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Public hearing set for solar project

The Charlotte County Planning Commission voted to hold a public hearing for a conditional use permit for a proposed 167-megawatt photovoltaic solar energy facility known as Courthouse Solar during its Tuesday, Sept. 22 meeting.

The public hearing is scheduled for Oct. 27 at 7 p.m.

According to the application summary, NOVI Energy proposes to construct a solar facility on 1,354 acres from 12 parcels owned by Blue Rock Resources, LLC, Ridgeway Farm LLC, and Robert and Claire Locke.

The project is southwest of Charlotte Court House and generally bound to the north by George Washington Highway (Rt. 40), to the west by Tollhouse Highway (Rt. 47), to the east by Eureka School Road, and to the south by Ash Camp Creek. The applicant proposes using multiple gated entrances off public roads (Shady Oaks Road, Ingleside Lane, and Eureka School Road).

Energy generating equipment will be located on approximately 1,000 acres.

According to the application, the project infrastructure will consist primarily of approximately 500,000 solar photovoltaic modules mounted on steel racking structures with single-axis tracking, 58 inverters and transformers, a substation with transformers, switchgear, and dead-end structures, and a control building.

During the meeting, several citizens expressed both approval and objection to the solar facility while some asked the commission not to rush the application before more research could be done, and citizens had a chance to voice their opinions.

In a letter to the commission, Claire Locke stated the need for the county to not give up on growth opportunities and a generation of revenue and how county officials can dictate what landowners can do or not do with their own property.

“I am under the assumption that someone who purchases land with their own money has the ability to do what they desire within reasonable conditions specified from the federal and state agencies,” Locke said. “If you do not vote to approve this farm, we will be in the same shape we have been in for my entire life… broke and barely scraping by. In contrast, your approval of this will greatly improve the quality of life for residents of the county with minimal negative impacts.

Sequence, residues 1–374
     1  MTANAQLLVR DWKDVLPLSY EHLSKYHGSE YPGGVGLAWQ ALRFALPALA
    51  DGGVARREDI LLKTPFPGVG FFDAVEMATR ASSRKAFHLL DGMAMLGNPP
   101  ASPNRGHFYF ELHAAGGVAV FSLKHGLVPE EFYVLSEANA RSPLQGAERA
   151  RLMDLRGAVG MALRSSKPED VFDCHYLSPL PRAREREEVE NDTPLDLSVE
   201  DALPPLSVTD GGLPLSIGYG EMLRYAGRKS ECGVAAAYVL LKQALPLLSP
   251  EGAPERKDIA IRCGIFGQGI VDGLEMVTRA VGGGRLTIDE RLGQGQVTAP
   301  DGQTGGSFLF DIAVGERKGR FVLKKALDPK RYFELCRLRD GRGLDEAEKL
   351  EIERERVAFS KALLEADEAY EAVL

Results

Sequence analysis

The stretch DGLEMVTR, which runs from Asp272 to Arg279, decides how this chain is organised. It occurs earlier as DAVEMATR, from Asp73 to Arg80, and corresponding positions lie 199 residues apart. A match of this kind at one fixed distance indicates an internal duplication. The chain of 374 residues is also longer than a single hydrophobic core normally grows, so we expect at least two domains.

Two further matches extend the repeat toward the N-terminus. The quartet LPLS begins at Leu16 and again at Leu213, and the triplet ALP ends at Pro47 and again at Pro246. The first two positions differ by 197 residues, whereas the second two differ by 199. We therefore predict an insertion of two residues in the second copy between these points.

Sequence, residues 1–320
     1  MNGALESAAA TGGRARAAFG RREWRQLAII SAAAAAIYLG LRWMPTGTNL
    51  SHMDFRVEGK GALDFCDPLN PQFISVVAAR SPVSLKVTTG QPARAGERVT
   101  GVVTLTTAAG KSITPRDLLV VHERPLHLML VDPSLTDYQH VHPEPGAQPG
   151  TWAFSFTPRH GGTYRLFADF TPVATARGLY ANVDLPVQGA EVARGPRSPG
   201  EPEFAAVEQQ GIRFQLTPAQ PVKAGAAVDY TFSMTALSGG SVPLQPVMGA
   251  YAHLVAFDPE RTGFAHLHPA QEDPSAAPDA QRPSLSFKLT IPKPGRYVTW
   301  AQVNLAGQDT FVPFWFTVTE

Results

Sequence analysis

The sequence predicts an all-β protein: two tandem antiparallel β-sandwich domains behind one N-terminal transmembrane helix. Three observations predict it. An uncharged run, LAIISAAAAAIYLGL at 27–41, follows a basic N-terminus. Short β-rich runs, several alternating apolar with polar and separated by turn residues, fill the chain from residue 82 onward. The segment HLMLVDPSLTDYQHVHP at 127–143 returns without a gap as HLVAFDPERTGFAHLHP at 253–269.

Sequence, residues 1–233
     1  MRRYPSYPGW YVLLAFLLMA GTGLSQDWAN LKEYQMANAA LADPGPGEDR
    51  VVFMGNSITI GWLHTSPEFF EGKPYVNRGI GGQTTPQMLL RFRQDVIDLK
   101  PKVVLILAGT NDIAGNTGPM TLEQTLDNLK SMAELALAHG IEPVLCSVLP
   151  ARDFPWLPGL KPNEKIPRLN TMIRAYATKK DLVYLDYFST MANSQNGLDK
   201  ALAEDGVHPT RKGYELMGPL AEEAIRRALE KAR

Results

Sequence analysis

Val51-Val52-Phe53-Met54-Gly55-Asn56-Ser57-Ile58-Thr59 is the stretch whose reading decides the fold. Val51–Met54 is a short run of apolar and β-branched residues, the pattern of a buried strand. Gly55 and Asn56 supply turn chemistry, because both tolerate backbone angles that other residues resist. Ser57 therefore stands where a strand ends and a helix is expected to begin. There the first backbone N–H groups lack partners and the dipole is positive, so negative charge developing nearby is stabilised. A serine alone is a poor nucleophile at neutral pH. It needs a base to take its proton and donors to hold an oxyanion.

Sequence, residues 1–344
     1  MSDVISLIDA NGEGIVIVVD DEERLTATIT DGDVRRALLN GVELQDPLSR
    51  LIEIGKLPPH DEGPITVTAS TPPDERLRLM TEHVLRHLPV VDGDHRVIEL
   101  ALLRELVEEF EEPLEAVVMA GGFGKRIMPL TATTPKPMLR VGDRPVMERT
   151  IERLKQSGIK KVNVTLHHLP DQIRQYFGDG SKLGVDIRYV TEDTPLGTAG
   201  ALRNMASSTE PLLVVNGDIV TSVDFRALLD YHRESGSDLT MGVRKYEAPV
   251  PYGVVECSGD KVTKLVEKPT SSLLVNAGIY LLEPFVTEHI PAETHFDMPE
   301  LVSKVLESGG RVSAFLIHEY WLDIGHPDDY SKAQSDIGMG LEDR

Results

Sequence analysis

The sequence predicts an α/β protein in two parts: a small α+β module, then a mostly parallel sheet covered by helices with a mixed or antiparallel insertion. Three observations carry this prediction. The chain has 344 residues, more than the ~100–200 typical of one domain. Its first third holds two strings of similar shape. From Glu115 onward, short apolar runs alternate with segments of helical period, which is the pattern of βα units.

“The need for continued increases in taxes is eventually going to make Charlotte County an undesirable place to live simply because landowners cannot afford the taxes. For most of my life, the high-quality education that Charlotte County offers has been the one drawing card that the county has had to attract residents. Higher taxes is going to be a deterrent despite the efforts of our school system.”

There is no better way to leave a legacy for our children than to reduce the carbon footprint on Earth. Other countries are far ahead of our efforts in America. The good news is, though, it is not too late for rural, little Charlotte County to join in the effort to provide clean energy by approving this project.”

John H. Mullin, III owner of Ridgeway Farms, one of the three property owners involved in the proposed Courthouse Solar Project also sent a letter that was read during the planning commissions meeting.

Mullin told the commission that the project would result in substantially increased economic benefits for the county and its citizens in the form of increased local employment, particularly during the construction phase, as well as materially enhanced annual revenue for the county during the entire life of the project.

Edward Early, who had expressed his concerns about the project during the commission’s August meeting, again told members not to rush the process.

“One immediate concern is that Charlotte County may need some solar projects, but the placement of them should be carefully planned and not rushed, and citizen input is important,” Early said.

Members of the Eagle Eye Hunt Club also presented a letter requesting that the project’s approval not be rushed saying a solar farm would harm their hunt club property and ability to hunt, as well as harm animals, plants, and streams in the area.